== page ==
These techniques use proximities among any kind of objects, such as products, as input. The basic data in MDS are measures of proximity between pairs of objects, such as consumer products. A proximity measure is an index defined over pairs of objects that quantifies the degree to which the two objects are similar or dissimilar. By using MDS, the larger the perceived similarity between the two products, as shown by their proximity value, the closer the two products appear on the spatial map. A proximity is a number that indicates how similar or how different two products are perceived. The output from multidimensional scaling is a spatial representation, consisting of a geometric configuration of points, as on a distance map. Each point on the map corresponds to one of the perceived objects.
Correlation coefficients and joint probabilities are examples of proximity measures. For example, if δij refer to the proximity measurement on a product pair (i, j), then a proximity measure can be scored so that the highest values of δij corresponds to the product pairs that are most alike. In this manner, δij is a measure of similarity. Conversely, if the proximity measure is scored so that the highest values correspond to stimulus pairs that are least alike, then it is a measure of dissimilarity.
The data for the MDS procedure consists of one or more square symmetric or asymmetric matrices of similarities or dissimilarities between products. The distance model for dissimilarity of products, such as wines, can be stated as follows. If δij refer to the proximity measurement on a product pair (i, j), then the dissimilarity measures are functionally related to K a descriptor from the POD. For instance, if xik and xjk are the level of attribute k possessed by two product i and j, and the descriptor is pH, then xik and xjk would represent the pH of the two wines. Using MDS, the dissimilarity measures are related to the descriptor levels by the following function, or Euclidean distance model:
In the equation above, δij refers to a quantitative or empirical observation on a product pair (i,j), whereas δijxik and xjk are theoretical quantities in the statistical model for dissimilarity data. These theoretical quantities cannot be observed, but can be estimated from data. In general, there are two types of MDS, i) metric and ii) non-metric. Metric MDS makes the assumption that the input data is either ratio or interval data, while the non-metric model requires that the data be in the form of ranks. Therefore, the non-metric model has fewer restrictions than the metric model, but also less rigor. One advantage of the non-metric models is the ease of categorization and examination of preference data. The four basic steps in MDS include: 1) data collection and formation of the similarity/dissimilarity matrix; ii) extraction of stimulus coordinates; iii) calculate number of stimulus coordinates that represent the data and iv) rotation and interpretation of preference map. In one embodiment, multidimensional scaling is accomplished using software from the SAS Institute (www.sas.com). In this aspect, the PROC MDS program can be used.
In certain other aspects, cluster maps can be used which are linear or non-linear mapping algorithms to reduce multidimensional pattern space to two or three-dimensional space. The technique results in “clustering” of similar pattern types around two or three-dimensional coordinate and thus are referred to clustered maps.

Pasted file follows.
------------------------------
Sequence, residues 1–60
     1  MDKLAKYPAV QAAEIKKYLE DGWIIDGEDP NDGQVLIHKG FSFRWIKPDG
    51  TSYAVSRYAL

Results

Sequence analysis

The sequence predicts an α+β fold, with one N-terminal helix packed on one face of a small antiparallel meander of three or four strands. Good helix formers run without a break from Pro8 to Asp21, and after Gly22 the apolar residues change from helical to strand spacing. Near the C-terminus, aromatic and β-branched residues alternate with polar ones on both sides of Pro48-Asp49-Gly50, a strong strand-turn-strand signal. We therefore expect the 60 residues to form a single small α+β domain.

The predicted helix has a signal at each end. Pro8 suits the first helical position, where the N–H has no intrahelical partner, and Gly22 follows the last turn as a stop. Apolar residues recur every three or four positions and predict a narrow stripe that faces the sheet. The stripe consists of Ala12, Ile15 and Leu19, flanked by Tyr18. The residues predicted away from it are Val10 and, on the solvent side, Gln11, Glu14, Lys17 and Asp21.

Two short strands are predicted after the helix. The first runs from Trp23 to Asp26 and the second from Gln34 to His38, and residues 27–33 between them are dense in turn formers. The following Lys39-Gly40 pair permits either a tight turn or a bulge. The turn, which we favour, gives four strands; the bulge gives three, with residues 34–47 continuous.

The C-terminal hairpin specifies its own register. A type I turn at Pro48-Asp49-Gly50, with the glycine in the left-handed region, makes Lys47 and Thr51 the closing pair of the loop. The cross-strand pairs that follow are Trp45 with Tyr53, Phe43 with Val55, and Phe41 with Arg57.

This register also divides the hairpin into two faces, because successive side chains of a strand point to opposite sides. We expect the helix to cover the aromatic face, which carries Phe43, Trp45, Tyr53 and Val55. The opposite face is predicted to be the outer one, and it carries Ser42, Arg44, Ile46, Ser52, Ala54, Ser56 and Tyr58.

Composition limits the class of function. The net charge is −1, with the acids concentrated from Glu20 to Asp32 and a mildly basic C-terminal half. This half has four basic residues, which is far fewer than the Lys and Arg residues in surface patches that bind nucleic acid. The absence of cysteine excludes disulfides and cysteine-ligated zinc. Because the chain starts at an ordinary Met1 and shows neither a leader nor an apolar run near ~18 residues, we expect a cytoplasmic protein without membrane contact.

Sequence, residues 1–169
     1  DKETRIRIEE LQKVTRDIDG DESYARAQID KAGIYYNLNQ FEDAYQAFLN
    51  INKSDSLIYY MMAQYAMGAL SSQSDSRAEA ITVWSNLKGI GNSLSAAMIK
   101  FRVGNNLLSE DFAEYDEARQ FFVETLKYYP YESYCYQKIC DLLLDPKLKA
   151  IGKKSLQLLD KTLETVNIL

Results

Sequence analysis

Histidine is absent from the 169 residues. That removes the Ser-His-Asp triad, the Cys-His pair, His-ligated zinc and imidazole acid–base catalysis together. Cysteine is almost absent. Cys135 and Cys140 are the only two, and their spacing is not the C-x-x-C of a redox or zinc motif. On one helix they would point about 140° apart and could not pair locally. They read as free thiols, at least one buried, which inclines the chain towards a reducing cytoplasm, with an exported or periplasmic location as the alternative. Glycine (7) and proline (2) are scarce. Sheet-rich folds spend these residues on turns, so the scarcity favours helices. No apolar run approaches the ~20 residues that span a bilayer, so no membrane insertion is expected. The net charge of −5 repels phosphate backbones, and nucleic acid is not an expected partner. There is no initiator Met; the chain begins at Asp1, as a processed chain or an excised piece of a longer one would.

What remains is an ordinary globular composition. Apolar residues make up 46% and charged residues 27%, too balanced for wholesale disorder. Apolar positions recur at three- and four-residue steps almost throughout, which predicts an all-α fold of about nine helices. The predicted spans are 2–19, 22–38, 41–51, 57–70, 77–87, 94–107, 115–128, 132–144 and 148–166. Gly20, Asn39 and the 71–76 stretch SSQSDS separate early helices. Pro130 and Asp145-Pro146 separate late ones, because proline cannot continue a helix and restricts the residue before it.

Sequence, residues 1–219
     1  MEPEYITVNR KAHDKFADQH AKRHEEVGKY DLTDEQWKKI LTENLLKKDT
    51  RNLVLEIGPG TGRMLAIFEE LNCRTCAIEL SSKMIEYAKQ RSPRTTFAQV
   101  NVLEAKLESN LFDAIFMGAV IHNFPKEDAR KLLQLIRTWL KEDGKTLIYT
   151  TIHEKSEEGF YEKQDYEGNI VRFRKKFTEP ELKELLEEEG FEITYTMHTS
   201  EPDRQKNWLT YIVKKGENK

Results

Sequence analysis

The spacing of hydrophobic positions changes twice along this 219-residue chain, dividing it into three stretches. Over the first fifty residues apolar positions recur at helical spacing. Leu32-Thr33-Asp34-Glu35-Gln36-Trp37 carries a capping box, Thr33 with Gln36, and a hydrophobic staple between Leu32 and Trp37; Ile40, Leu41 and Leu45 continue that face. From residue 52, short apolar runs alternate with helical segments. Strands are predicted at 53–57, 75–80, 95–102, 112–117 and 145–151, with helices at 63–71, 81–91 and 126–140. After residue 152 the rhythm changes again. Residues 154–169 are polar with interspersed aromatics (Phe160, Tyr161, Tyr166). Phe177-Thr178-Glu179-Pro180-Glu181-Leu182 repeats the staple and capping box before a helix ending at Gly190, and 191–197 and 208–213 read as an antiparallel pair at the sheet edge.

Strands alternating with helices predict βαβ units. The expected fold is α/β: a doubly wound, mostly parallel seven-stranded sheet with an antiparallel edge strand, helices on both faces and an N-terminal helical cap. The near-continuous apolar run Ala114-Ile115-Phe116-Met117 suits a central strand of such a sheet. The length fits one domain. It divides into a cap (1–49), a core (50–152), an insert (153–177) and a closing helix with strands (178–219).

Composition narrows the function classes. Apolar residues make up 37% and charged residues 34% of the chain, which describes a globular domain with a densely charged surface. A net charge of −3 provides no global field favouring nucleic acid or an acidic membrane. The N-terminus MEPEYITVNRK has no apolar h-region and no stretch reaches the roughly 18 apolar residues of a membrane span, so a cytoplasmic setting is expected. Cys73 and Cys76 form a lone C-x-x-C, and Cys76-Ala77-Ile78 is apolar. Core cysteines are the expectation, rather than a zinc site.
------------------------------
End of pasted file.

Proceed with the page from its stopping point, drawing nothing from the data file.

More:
The correlation module then assigns a weighting term to each of the descriptor in the POD. The weighting term is based upon the descriptor significance in correlate the wine into a particular group or class. For example, if a pH of 7.3-7.8 of a beverage such as wine correlates with a certain class, it is thus possible to select another wine based upon a similar pH knowing that it too will be assigned to the same class. Using the mapping techniques of the present invention, it is possible to recommend products having a similar sense (for example, taste or smell) based upon one or more of the descriptor(s) of the product.
As explained in detail hereinbelow, each of the descriptors in the POD is assigned a weight. It thus possible to classify the consumer products such as wine based upon the weighted descriptors. For instance, a large universe of wines is analytically measure for the significant descriptors. The most significant descriptors are identified using mapping with human data. Thereafter, the consumer products can be grouped using the descriptors alone. It is then possible to make recommendations based upon the descriptors.
Preference mapping is another technique that correlates individual consumer preference ratings to a set of products, such as wine. Using these techniques, individual consumer's preferences for products are represented on a preference map. At least three types of preference mapping techniques exist. An internal preference map resolves a series of consumer preferences into a set of preference dimensions. The preference dimensions represent differences among the products and a set of directions showing the individual consumer's direction of increasing preference. Products such as wine, are positions on the map and those that are close in space have similar acceptability scores, and those wines which are far apart, have different acceptability scores. The goal is to determine if groups of consumers show a preference or inclination for a particular area of the map. The external preference map plots preference scores derived from other sources, such as laboratory sensory panels. An extended internal preference map projects human descriptive traits determined as above i.e., from a trained panel, onto an internal preference map.